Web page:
If you took your Social Security early and put it in a high-yield savings account, you would get an interest rate of closer to 4.5% to 5%.

Still, John Piershale, a wealth adviser at Piershale Financial Group in Crystal Lake, Ill., also leans towards waiting another three years before collecting.

“By delaying, you don’t pay income taxes on that benefit,” Piershale adds. Plus, delaying your retirement age lowers your modified adjusted gross Income (MAGI). “This may help you in other areas such as avoiding Medicare income related monthly adjustment amounts (IRMAA) thresholds,” he adds.

Related: Should I claim Social Security at 62 or 67?

Social Security is insurance against a long life

Social Security is an insurance policy against living longer than you think. The best time to start taking Social Security is when you stop working. That’s when you will need it the most. Some people will advise you to take your benefits at 67, pointing to all the things that can go wrong over the next 10 years. 

If you are more optimistic, you’re healthy and have “good genes” — that is, your parents lived to a long age — and you don’t smoke or drink to excess or engage in other activities that could shorten your life, you may feel OK waiting until you are 70. If you have a younger spouse who will have fewer benefits than you, they will benefit from you waiting and taking higher benefits (though calculating that too is complicated). 

It makes sense to wait if you also have a healthy income stream and, perhaps, a personal retirement pension (like a 401(k) or IRA). The SSA also provides a life-expectancy calculator. Given the life expectancy rate in the U.S. — which we can use as a rough guide — you would probably be better off taking your Social Security at 67, rather than rolling the dice on living to 90, and above. But you know your family history better than me.

Delay your benefits until you reach 70

Your two options: take it at 67 and, assuming the 2023 average $1,845 Social Security benefit at that age, put that cumulative $66,420 into CDs or a high-yield savings account over the next three years, and use the proceeds as a “welcome to retirement” nest egg to take a vacation of a lifetime, or get that kitchen renovation. 

But is it the smartest financial decision to take it in January rather than waiting until you turn 70? For all of the above reasons, I don’t think so. Is it the smartest life decision? That will vary from person to person. There are no guarantees that we will be here at 80 or, indeed, 90, and in good health. 

Tim Doehrmann, president of Eagle Ridge Health Advisors in Morton, Ill. “If people are healthy, and can afford it, I recommend they push Social Security until age 70 to get the highest amount they can,” he says.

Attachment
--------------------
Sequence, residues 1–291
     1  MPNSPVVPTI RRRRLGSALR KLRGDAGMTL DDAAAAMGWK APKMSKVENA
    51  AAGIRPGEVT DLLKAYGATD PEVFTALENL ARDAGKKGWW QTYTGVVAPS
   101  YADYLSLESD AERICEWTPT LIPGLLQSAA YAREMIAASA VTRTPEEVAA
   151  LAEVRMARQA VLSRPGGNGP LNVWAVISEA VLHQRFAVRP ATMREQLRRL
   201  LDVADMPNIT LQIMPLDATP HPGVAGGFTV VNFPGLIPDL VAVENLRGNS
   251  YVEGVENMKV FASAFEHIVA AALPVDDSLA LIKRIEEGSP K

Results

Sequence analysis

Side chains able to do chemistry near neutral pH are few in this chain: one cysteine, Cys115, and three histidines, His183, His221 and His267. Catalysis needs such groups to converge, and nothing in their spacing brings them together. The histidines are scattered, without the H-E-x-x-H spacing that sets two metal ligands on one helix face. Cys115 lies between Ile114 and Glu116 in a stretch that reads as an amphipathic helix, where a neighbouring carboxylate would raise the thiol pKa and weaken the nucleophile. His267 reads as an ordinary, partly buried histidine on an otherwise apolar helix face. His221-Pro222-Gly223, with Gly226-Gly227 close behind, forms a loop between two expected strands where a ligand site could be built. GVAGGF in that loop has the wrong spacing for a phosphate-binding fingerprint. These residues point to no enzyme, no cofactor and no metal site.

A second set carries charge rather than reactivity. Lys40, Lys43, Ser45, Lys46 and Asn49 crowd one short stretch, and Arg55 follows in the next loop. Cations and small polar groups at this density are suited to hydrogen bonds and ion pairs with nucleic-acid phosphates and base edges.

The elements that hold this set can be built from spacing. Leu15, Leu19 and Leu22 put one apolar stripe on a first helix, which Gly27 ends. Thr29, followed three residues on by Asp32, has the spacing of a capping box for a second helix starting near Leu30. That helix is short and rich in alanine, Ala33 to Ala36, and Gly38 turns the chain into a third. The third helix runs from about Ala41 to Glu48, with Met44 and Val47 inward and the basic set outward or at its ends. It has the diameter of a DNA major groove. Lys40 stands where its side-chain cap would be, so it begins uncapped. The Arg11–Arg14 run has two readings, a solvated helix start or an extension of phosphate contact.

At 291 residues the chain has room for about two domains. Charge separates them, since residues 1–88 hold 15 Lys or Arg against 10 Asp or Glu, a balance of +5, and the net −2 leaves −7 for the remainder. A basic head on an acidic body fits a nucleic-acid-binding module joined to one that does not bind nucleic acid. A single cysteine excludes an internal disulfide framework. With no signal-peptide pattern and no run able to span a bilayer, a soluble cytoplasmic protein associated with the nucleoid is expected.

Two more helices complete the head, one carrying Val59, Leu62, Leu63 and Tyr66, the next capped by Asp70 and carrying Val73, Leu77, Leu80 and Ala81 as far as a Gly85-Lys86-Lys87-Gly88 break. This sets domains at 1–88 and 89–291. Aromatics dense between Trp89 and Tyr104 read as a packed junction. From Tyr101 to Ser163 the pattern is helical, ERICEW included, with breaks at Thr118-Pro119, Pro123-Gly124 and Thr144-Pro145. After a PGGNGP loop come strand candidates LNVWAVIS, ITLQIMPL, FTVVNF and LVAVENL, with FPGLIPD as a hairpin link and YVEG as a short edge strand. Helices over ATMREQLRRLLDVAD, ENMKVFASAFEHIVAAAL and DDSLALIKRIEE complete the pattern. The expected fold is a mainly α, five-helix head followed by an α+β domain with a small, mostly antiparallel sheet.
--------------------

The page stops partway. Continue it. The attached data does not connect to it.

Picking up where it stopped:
“It is also common for many retirees to have a pre-tax account in the form of a 401(k), IRA, etc. that they’ve contributed to but still owe ordinary income tax on,” he adds. “Often, you can reduce lifetime tax liabilities by filling up tax brackets with Roth Conversions during the gap years between retirement and required minimum distributions.”

The beauty of Social Security is that it’s an inflation-adjusted annuity for the rest of your life, so if you think you’re going to live a long time — and most people do underestimate their longevity — it’s nice to have. So you’re (probably) better off waiting. The good news: you have the luxury of being in a comfortable financial position whatever you choose. 

Related: How many more years will you live? Here’s how to make an educated guess.

You can email The Moneyist with any financial and ethical questions at [email protected], and follow Quentin Fottrell on X, the platform formerly known as Twitter.

Check out the Moneyist private Facebook group, where we look for answers to life’s thorniest money issues. Post your questions, tell me what you want to know more about, or weigh in on the latest Moneyist columns.

The Moneyist regrets he cannot reply to questions individually.

Previous columns by Quentin Fottrell:

Should I put my fiancé’s name on the deed to my $560,000 California home after we marry?

‘Buy a yacht,’ he told me. My fiancé, 67, is cutting his kids out of his will — and leaving everything to me. Should I be suspicious?

My uncle persuaded my ailing grandmother to cut everyone else out of the family trust. Do we have a case against him?